• Consider the impact the classroom setup and structure have on your students, based on your knowledge of their personalities and the learning goals for the day. Arranging desks and chairs into a circle or U-shape so they can see and respond to each other makes them active participants and encourages commitment to the classroom through engagement with their friends and peers. Not every class lends itself to this kind of discussion based format, so keep in mind other active learning methods that might suit your particular students and objectives.
  • You can keep your class relevant to students’ lives by using plenty of current events and real world examples. Finding recent opinion pieces or news stories that are related to the classroom conversation is an engaging way to explain the importance of the material to students and allows them to connect their own interests and passions to matter at hand.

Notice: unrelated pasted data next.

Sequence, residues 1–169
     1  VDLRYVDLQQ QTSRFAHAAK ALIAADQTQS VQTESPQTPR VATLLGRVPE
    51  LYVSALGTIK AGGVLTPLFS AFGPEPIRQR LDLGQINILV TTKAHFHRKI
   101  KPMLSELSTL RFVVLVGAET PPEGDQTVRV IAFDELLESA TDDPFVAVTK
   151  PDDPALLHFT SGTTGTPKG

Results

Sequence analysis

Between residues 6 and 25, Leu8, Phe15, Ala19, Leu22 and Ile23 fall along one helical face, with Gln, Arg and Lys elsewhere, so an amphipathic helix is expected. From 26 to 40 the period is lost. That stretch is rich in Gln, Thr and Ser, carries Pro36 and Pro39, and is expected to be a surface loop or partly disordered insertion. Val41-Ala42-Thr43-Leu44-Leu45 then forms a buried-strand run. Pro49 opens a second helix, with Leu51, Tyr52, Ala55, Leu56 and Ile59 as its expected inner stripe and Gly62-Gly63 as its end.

• Give the students ownership of their work by assigning papers or projects that require them to choose the particular topic or focus. Additionally, think of rewards or incentives to offer that will bring students together in pursuit of a shared goal. Shared work can foster relationships that are more likely to continue their interest once the reward or incentive is no longer in play. Through real world applications, the example of your own enthusiasm, and the experience of working with their peers to achieve a goal, you can cultivate a variety of motivational factors in the classroom to see you through the rest of the semester.

Related Kaneb Workshop materials can be found here:

Fostering Student Motivation through Instruction

Motivation and Learning

College instructors often list critical thinking as one of their central learning goals, but it is much easier said than done.  From the start, we need to recognize that our students may not know what we mean when we say, “think critically.”  In Teaching for Critical Thinking, Stephen Brookfield defines it as “A process of hunting assumptions–discovering what assumptions we and others hold, and then checking to see how much sense those assumptions make,” (p. 24).